Overtime Crimes: Employer Wage Theft Amounts to $50 Billion a Year
An overwhelmingly large percentage of workers eligible for overtime pay are intentionally denied earned overtime wages by unscrupulous employers who are rarely punished and steal with impunity. This was the conclusion reached by the Economic Policy Institute, a Washington D.C.-based research and policy institute, and published in a report this past fall.
To place this in perspective, as the report further notes, all wage theft, including the intentional non-payment of minimum wage and overtime pay, resulted in approximately $50 billion in lost wages in 2012, while burglaries, robberies, larcenies, and all other categories of theft across the country resulted in only $14 billion in loss. Despite this, in 2012, the US Labor Department recovered only $1 billion of the $50 billion in unpaid wages, a small portion of the total wages lost.
So how do these businesses get away with such a staggering fraud? Under the Fair Labor Standards Act (the “FLSA”), workers must receive overtime pay for all hours worked over 40 in a workweek unless they fall within certain exception categories known as exemptions. Contrary to popular opinion, an employer cannot avoid paying overtime simply by paying an employee a salary. In fact, many salaried employees are eligible for overtime pay.
Ultimately the question of whether or not an employee is overtime eligible (or “nonexempt” from the FLSA) is determined based on an analysis of the duties performed week to week and whether or not the majority of the duties performed are exempt or nonexempt. Employers are responsible for classifying their employees as either “nonexempt” or “exempt” based on whether or not their job duties match those necessary to qualify for an exemption. In New York and most states, employers are responsible for providing wage notices to their employees indicating the wage rates they will receive and if they are “exempt” or “nonexempt” from the FLSA.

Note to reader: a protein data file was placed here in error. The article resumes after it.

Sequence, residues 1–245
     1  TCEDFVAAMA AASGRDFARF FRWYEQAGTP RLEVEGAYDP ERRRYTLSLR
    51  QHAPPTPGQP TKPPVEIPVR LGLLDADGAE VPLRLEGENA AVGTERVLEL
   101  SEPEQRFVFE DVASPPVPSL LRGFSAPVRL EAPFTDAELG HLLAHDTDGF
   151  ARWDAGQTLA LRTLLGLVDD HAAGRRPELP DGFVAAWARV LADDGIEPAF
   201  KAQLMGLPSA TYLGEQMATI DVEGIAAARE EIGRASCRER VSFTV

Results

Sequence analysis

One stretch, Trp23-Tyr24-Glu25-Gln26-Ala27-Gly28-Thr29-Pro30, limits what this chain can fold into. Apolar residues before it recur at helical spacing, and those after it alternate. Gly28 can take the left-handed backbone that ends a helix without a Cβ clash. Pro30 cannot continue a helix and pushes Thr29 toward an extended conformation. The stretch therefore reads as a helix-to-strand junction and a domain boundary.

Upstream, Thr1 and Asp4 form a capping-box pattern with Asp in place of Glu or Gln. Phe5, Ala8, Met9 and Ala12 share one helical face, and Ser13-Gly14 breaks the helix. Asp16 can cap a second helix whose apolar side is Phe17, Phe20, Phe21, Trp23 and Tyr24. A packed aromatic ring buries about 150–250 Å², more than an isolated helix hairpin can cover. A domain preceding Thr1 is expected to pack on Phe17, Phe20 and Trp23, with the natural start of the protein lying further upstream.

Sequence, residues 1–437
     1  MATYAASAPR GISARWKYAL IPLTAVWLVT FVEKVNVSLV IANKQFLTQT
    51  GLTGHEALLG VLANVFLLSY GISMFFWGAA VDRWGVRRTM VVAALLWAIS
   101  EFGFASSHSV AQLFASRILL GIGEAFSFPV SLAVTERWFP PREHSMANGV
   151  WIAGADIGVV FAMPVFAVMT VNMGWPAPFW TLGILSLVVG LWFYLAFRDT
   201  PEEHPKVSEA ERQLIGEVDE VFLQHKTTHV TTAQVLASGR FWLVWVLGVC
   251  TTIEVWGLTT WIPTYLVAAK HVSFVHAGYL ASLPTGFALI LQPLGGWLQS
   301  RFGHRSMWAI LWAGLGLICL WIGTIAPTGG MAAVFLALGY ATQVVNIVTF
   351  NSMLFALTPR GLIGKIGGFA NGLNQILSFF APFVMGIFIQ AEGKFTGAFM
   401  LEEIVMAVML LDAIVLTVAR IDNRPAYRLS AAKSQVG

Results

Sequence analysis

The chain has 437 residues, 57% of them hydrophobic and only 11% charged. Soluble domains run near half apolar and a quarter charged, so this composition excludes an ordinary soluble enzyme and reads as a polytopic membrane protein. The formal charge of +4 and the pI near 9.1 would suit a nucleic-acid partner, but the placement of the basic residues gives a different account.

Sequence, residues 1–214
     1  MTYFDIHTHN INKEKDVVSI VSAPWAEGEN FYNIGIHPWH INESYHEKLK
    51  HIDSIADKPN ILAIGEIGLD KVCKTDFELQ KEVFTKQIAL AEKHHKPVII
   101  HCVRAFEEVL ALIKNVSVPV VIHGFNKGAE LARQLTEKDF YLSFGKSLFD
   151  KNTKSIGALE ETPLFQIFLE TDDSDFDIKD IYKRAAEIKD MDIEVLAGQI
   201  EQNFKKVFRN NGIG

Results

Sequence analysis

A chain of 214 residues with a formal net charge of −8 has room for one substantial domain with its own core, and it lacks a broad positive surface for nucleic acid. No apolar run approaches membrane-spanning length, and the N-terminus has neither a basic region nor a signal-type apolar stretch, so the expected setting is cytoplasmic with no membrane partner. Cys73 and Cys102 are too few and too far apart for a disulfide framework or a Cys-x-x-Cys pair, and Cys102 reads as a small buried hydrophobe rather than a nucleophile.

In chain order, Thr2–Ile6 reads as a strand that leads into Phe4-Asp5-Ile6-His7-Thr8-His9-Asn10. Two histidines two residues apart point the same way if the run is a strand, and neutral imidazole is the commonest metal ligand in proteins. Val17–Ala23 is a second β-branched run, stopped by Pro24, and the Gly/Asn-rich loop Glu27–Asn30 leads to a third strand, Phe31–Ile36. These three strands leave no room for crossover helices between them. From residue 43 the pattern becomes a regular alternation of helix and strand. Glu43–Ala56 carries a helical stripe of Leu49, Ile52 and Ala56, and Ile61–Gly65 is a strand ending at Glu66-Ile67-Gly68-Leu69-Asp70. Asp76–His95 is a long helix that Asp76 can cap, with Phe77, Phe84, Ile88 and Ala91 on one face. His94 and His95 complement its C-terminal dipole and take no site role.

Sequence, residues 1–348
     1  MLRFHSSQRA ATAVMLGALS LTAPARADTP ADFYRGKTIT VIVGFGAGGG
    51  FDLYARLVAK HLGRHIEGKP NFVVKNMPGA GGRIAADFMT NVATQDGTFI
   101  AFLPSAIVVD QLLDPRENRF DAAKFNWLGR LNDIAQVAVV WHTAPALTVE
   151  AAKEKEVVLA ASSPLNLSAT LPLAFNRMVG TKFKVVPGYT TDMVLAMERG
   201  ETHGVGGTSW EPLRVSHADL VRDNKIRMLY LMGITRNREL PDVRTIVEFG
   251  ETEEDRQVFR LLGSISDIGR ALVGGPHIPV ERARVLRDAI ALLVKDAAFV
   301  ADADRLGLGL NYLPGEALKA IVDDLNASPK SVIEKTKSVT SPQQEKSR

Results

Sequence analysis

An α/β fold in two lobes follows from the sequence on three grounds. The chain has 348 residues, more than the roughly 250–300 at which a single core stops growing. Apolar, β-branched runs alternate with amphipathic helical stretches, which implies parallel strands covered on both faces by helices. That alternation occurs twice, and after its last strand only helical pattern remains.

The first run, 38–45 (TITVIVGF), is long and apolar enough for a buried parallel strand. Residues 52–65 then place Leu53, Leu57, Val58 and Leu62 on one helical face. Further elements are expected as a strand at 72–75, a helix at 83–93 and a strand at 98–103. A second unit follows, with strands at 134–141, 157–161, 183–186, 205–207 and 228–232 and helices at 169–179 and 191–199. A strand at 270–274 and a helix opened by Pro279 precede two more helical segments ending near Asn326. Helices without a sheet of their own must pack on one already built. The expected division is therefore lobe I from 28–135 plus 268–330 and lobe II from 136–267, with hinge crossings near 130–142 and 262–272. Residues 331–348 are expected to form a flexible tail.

Often, however, employers will intentionally misclassify certain categories of workers as exempt from the FLSA and the NYLL in order to justify not paying out large amounts in overtime pay. Scores of workers in New York and across the country are being exploited for this very reason. Certain types of employees, such as IT help desk and desktop support employees, retail-level assistant managers, sales professionals, administrative assistants, financial advisors, clerks, interns, trade clearance or operations specialist, junior bookkeepers, line or prep chefs, messengers, call center professionals, and junior professionals or administrators in the insurance, financial, or accounting professions are routinely misclassified. As a result, management across an entire industry may be wrongly justifying the denial of overtime for certain types of employees.
And what happens if one of those employers is caught? The company is likely to offer a settlement, but only if they know that a litigation or DOL audit threat is credible and imminent.
Hardly a just result, but for millions of underpaid employees who have struggled to keep their heads above water, litigation—or the threat of it—is the only possibility for recouping lost wages. Fortunately, New York affords employees six years worth of damages (unpaid back wages), a greater protection than federal law, which allows for three years worth of damages.